A freshly picked, vine-ripened tomato is hard to rival in the home garden. Rumors grow well and produce wholesome fruit in bigger amounts when grown in slightly acidic soil that’s full of organic matter and contains adequate amounts of calcium and magnesium. Employing dolomite, also called dolomitic lime, can help to adjust soil pH to the desirable range for growing tomatoes. Dolomite also provides and facilitates the availability of soil nutrients to plant roots.
Dolomite consists mainly of calcium and magnesium, two small nutrients necessary for healthy tomatoes. It is generally obtained from pulverizing limestone. It is useful in the home garden as a soil pH adjuster when applied correctly. Tomato plants absorb the most nutrients in the soil when its pH falls within the desirable range. Dolomite also raises magnesium levels in the soil. In regions with a known magnesium deficiency, this is crucial for growing healthy tomatoes.
Prior to putting a tomato garden, analyze your soil using a commercial kit or a service in the community area. Acidic soils benefit from prying of dolomite as early as possible before planting. Your soil test results will probably recommend lime amendments at a particular rate to increase soil alkalinity, if necessary. Tomatoes prefer a soil pH of 6.5 to 6.8 for best growth and fruit production. Treating untested dirt with dolomite is dangerous, especially if you garden in an area where soils are proven to be somewhat alkaline.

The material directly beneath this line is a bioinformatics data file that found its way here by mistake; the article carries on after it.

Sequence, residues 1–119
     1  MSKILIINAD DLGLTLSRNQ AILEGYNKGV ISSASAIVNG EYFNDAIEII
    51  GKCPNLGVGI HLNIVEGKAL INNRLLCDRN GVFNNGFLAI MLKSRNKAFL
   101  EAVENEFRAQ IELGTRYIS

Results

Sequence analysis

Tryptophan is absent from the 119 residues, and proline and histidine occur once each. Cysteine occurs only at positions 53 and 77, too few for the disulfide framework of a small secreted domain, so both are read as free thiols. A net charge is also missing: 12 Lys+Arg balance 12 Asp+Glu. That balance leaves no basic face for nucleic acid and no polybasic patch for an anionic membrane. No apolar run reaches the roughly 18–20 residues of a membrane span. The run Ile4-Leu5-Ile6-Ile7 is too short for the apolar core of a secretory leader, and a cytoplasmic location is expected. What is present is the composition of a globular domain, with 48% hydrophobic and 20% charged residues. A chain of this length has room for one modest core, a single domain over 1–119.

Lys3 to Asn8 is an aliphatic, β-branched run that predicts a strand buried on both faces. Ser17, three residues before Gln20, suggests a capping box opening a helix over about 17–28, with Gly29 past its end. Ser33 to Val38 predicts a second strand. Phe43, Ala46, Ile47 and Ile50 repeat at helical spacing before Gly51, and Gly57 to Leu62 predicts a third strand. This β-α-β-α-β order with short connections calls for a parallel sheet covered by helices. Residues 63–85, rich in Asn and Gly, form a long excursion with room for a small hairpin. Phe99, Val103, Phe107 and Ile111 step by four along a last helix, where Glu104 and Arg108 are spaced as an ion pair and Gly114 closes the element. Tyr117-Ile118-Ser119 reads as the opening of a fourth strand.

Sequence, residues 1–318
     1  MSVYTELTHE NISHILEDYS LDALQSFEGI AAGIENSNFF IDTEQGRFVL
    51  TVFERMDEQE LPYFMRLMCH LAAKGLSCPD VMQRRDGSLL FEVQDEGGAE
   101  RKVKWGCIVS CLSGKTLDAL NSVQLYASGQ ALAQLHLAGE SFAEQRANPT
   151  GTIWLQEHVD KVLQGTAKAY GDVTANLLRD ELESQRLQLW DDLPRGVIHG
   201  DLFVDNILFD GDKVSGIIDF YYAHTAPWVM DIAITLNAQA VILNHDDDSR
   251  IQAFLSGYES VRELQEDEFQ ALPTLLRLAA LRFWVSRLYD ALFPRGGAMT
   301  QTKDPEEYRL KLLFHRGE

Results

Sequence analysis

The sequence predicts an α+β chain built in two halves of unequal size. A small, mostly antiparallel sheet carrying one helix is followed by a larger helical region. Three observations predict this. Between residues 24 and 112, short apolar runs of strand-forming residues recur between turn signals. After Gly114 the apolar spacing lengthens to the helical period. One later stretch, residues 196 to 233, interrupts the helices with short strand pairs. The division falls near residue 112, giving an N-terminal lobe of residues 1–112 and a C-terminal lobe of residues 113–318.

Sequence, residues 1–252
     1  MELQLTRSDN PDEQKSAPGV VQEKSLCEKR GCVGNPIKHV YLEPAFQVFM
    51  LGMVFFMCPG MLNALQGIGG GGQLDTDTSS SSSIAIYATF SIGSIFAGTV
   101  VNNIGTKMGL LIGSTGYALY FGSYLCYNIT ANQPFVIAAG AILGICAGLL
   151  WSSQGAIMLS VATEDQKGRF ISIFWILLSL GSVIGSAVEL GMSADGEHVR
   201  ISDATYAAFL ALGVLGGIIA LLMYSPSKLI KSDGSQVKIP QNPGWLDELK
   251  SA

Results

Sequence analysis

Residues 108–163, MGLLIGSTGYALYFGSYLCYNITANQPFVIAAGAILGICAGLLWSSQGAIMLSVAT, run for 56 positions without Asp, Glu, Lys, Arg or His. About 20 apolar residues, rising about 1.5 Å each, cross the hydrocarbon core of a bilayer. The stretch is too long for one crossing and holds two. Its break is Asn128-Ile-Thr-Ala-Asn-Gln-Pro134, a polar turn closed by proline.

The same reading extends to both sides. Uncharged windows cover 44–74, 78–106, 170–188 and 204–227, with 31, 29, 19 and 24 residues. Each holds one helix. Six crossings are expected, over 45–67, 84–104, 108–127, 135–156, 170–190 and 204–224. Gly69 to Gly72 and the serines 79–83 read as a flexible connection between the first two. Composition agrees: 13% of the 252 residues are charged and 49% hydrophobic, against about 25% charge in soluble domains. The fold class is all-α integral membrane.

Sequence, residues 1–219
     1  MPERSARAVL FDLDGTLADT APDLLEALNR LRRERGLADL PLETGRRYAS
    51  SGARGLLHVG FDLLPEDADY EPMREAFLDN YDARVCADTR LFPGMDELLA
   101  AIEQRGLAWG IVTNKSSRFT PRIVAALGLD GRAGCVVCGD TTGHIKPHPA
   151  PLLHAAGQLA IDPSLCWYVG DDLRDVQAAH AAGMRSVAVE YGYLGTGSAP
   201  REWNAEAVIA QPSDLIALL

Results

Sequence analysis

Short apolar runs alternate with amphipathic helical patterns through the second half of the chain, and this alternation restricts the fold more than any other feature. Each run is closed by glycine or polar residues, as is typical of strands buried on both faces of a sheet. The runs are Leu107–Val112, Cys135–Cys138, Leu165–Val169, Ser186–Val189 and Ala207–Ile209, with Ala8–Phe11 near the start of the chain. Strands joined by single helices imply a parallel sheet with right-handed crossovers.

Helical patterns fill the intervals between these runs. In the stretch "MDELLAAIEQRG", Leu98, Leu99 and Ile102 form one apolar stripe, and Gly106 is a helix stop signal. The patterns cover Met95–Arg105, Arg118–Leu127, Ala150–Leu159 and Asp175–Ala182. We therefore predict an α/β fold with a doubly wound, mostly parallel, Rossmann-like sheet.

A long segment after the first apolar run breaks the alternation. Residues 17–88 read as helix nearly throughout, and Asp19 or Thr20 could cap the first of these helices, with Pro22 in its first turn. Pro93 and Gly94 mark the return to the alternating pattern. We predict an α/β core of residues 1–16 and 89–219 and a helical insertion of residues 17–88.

Clay and silt soils are generally acidic. They’re also considered “tight” because they are often poor in organic content, leading to compaction and poor origin oxygenation. Conversely, sandy soils may dry too fast. Using dolomite alone may be inadequate to prepare those soils for growing tomatoes. Amending the soil by working in a 3- to 4-inch layer of organic matter like compost or manure to a thickness of 12 inches, together with dolomite, facilitates vigorous tomato root processes, healthier plants and raised fruit production.
Blossom-end rot is a frequent issue that frustrates many tomato growers. It typically occurs when the dirt is calcium deficient or doesn’t encourage calcium transfer. This occurs most often in soils that are too acidic, especially those with a pH lower than 6. In some instances, calcium presence could be adequate but tomato roots cannot absorb it in case the environment is too acidic. In this case, dolomitic lime is often recommended as the best corrective measure.